Managing a remote company is different than leading a traditional organization. It requires more organizational skills, openness, transparency, and trust in your co-workers. The way you run things is also different. Let's cover here the best practices for managing a remote company or team.
Remove set working hours
Traditional companies usually have a set of working hours (traditionally from 9 am to 5 pm). Even some remote companies require at least four hours of overlap. However, those practices go against the principles of remote work. GitLab suggests getting rid of "set working hours":
So long as your company adheres — even if unofficially — to set working hours, you'll be biased towards candidates who are in your preferred time zone. The only way to remove that bias and open your company to a truly global and diverse workforce is to destroy the epicenter of power as it relates to working hours. This also enables your workforce to design their work around their life, empowering them to be managers of one. This is a more inclusive and healthier way of working.
Embrace asynchronous communication
By getting rid of fixed working hours, you can embrace asynchronous communication. It doesn't matter what timezone people are or when they're working because everything is written down and asynchronous. It gives everyone more flexibility.
Use a single source of truth
Writing everything down is an important step during the transition to remote work. By doing it, you make sure all information about your company is easily accessible by everyone.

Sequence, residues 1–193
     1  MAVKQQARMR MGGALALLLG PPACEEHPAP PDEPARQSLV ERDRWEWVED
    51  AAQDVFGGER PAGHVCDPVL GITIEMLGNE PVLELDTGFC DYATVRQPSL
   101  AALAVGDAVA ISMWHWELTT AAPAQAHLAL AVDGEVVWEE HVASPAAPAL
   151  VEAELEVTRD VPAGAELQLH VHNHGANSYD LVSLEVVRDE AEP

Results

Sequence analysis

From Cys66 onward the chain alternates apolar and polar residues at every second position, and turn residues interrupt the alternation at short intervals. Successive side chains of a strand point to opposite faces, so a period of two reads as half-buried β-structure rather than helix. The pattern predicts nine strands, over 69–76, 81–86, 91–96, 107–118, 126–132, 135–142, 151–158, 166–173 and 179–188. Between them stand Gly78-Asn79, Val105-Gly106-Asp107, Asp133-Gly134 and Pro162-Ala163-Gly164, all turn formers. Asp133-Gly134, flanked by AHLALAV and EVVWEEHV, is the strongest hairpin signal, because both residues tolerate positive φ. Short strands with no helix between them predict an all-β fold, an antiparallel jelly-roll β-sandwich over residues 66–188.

GitLab goes even further: if it's not in the company's handbook, it doesn't exist. This forces people to avoid chats and meetings. Every discussion is done by formal means and it's accessible in their handbook:
Your goal should be to answer everything with a link. If a team member asks you a question that you can't answer with a link, you should work according to company values to generate an answer, and immediately document that answer in the appropriate place in the handbook. This ensures that anyone who has the same inquiry at any point in the future will not have to impede on anyone's time to find the answer.
Offer an office budget
Building a remote office might be expensive. Not everyone will have the budget to do it. As a manager, make sure your employees have all the tools and financial resources to get started working remotely.
It's useful to create an "office budget" to reimburse expenses with office equipment such as chairs, desks, keyboards, etc. Some people might prefer to work from a coworking space. Make sure you set up a budget for that as well. It's also important to offer guidance about ergonomics and tips for properly setting up a remote office.
- When managing a remote company, it's also important to understand what not to do.